Pezzano Mickey & Bornstein December 2018


THE RIGHT TO SUE Believe it or not, even when you are injured in an accident caused by someone else, your insurance policy will dictate whether you are entitled to sue the responsible driver for noneconomic losses, or what we generally call “pain and suffering.” You may select either the “zero” or “no limitation” threshold or the “verbal” or “limitation on lawsuit” threshold. In general, if you have selected the “limitation on lawsuit” threshold, your right to sue the other party who caused your injuries is limited to cases in which you can objectively prove a permanent injury. LIABILITY COVERAGE Liability insurance pays someone you may injure as a result of your negligence. The minimum liability insurance required in New Jersey is $15,000. In the event you carry only minimal liability coverage, your personal assets could be at risk if you cause injury to others. We generally advise that you purchase as much liability coverage as you can afford. UM/UIM COVERAGE Uninsured and Underinsured Motorist Coverage steps into the shoes of someone who negligently causes injuries to you and who is either uninsured or underinsured. You can purchase UM and UIM coverage up to the same limits as your liability coverage. We recommend that you never purchase UM/UIM coverage that is less than your liability coverage.

Very often, people are unaware of their insurance coverage until they are involved in an accident and it is too late. Here is a basic overview of the types of coverage available to you and some of our recommendations. This is just a general overview. Your situation might be such that these recommendations would not be right for you. We strongly recommend that you call us for a free, no-obligation review of your present insurance coverage. PIP BENEFITS PIP benefits are personal injury protection benefits, and they include payment of medical expenses. Many people are surprised to learn that it is your own insurance company that pays your medical bills, even if the accident was someone else’s fault. The standard medical expense coverage is $250,000. While you do have the option of purchasing less than $250,000 — in fact, as little as $15,000 — we never recommend purchasing medical expense benefits less than $250,000. HEALTH INSURANCE PRIMARY You have the option to designate your health insurance as the primary payer of accident-related medical expenses in exchange for a reduction in premium. Note that you cannot designate Medicare or Medicaid as the primary payer. There are often downsides to designating your health insurance as primary. For example, your health insurance may be permitted to assert a lien on any third-party recovery. That means that your health insurer may be entitled to reimbursement from any money you receive in a settlement or judgment against the person who caused your accident.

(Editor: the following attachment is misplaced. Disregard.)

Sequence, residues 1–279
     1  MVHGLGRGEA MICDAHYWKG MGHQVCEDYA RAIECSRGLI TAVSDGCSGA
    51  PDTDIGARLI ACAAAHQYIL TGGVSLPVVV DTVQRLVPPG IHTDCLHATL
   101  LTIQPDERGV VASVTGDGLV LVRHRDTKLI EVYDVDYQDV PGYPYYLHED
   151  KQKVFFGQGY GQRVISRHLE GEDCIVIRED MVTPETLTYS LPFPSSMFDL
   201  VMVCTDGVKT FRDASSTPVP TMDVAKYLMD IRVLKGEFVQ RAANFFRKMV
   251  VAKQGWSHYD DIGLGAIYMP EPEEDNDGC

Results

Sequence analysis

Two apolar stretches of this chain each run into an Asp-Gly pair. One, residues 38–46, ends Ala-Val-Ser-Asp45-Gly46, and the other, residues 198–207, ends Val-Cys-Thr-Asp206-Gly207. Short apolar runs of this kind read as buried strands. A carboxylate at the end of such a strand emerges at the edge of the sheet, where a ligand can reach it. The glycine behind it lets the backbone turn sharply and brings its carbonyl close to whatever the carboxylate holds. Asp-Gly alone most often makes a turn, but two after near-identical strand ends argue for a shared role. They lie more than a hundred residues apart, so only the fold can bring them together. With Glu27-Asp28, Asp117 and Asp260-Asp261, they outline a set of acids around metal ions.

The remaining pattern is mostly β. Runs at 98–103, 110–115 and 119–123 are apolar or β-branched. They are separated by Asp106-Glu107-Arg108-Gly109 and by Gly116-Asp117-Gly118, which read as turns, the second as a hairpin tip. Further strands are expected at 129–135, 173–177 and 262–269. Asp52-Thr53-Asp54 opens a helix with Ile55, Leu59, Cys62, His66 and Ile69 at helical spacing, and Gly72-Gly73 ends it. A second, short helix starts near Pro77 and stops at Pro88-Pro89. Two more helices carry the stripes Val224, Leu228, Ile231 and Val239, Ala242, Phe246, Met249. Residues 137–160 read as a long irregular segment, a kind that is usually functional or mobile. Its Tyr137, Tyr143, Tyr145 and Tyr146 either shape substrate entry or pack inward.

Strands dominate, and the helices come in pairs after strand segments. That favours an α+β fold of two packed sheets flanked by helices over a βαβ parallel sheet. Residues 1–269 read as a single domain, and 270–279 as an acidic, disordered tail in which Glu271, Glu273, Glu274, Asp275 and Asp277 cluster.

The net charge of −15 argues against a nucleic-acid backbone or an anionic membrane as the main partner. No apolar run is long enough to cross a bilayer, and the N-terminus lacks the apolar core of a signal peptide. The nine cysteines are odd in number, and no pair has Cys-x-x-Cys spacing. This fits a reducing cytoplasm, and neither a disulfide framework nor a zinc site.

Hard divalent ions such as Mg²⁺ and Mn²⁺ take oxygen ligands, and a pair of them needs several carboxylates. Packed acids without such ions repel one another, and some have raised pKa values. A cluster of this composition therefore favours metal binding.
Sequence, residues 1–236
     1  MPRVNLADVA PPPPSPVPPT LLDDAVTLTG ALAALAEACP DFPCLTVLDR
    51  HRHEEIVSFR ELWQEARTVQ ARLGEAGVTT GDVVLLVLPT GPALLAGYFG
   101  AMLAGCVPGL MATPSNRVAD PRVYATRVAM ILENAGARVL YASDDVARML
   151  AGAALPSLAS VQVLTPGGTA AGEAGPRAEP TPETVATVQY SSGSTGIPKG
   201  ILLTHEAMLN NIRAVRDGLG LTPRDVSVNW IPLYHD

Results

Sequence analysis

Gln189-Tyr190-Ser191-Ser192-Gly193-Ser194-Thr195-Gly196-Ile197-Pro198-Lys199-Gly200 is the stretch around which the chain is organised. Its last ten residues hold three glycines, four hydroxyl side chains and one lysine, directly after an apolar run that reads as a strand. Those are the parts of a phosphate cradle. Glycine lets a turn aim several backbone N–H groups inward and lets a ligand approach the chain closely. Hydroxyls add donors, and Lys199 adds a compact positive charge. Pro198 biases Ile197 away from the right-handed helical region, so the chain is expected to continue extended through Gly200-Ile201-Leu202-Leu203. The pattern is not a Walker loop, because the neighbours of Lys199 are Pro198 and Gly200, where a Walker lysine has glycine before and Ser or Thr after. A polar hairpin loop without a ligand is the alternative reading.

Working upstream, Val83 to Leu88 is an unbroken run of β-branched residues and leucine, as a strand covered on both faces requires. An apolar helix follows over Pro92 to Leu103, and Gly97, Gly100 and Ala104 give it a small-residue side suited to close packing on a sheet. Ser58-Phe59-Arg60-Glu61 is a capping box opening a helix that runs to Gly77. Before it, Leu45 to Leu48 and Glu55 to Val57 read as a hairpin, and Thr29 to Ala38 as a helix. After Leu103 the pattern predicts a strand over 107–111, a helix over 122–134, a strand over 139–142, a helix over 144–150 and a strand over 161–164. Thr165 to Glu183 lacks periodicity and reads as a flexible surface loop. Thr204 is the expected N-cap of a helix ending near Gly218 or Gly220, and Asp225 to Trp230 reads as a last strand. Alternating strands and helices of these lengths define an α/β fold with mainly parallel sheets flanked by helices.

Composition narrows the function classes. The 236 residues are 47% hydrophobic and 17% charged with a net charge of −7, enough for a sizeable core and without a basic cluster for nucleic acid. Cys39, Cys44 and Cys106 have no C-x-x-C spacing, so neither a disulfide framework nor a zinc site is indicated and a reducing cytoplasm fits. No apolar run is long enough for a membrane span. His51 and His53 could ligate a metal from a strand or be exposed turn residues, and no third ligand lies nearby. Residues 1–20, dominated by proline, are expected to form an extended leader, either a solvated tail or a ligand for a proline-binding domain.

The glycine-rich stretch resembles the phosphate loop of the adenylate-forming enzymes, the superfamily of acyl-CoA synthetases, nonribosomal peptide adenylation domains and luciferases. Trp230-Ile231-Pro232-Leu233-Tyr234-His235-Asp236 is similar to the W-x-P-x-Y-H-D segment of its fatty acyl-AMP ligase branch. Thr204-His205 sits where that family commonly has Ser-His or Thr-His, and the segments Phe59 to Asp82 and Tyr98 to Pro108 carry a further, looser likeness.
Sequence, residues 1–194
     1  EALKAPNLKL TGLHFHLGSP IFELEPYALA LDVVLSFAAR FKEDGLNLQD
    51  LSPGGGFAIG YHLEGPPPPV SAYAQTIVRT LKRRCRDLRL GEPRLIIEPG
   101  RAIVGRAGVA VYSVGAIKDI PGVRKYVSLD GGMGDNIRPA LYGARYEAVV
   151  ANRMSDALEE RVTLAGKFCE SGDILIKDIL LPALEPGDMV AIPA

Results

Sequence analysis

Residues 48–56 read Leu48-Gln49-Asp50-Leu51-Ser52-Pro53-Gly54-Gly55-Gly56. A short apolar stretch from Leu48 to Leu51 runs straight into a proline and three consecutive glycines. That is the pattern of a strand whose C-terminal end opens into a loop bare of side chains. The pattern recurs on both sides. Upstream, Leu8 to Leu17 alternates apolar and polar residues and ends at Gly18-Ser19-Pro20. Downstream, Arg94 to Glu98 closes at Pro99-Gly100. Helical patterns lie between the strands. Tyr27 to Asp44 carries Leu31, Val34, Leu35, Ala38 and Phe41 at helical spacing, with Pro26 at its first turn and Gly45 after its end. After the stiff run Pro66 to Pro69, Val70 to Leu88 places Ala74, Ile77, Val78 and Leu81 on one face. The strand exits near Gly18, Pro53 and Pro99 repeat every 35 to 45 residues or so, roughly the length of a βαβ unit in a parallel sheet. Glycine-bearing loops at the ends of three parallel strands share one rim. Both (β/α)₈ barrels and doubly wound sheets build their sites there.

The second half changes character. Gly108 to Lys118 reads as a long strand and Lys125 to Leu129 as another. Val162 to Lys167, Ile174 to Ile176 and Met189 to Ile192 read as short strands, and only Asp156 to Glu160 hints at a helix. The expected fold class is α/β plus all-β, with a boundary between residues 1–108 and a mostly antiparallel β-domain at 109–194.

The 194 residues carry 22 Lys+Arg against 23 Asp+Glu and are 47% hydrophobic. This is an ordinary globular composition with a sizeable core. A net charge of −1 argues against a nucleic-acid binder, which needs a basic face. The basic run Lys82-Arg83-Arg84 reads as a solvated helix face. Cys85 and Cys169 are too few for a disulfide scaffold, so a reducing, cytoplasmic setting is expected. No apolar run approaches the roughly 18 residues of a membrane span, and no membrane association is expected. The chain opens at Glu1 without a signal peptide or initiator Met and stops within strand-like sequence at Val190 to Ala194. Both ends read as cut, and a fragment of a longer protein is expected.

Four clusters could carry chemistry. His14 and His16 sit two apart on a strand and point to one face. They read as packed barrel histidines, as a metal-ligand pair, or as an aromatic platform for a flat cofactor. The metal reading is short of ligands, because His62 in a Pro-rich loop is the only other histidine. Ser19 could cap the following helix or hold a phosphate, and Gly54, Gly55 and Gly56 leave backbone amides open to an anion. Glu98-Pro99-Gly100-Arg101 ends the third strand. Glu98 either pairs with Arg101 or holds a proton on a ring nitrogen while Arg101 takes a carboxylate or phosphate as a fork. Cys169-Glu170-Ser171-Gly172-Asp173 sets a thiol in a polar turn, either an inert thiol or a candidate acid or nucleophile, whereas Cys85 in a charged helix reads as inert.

WHAT ARE WE UP TO? On Dec. 4, 2018, PMB’s Lisa Mickey was invited to speak at a National Business Institute (NBI) seminar titled Workers’ Compensation Claims in 7 Steps, in Princeton, New Jersy. The course is recommended to educate attorneys, insurance adjusters, and human resource professionals about the practical steps of handling a workers’ compensation claim, from initial intake through the hearing process. Ms. Mickey presented an overview of the New Jersey Workers’ Compensation Act and led a discussion concerning the difficulties faced by injured workers in obtaining medical treatment.


Prime Rib

Looking for an easy holiday roast that still feels elegant enough for the occasion? Look no further than this delicious prime rib flavored with garlic, thyme, and red wine.


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4 cups beef stock

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1 bone-in prime rib (6–7 pounds)

1 tablespoon fresh thyme, chopped Salt and freshly ground pepper, to taste

8 cloves garlic, thinly sliced

2 cups red wine


5. To make au jus, place roasting pan with drippings from roast over 2 burners on high. Add wine and scrape pan as liquid reduces. Add beef stock and cook until reduced by half. Finally, sprinkle in thyme. 6. Slice roast and serve topped with au jus.

1. 30 minutes before cooking, remove roast from fridge and let sit until it reaches room temperature. 2. Heat oven to 350 F. 3. Make small slits in prime rib and stuff with slices of garlic. Liberally season with salt and pepper. 4. Place a rack inside a roasting pan and roast prime rib for 2 hours, until medium-rare.

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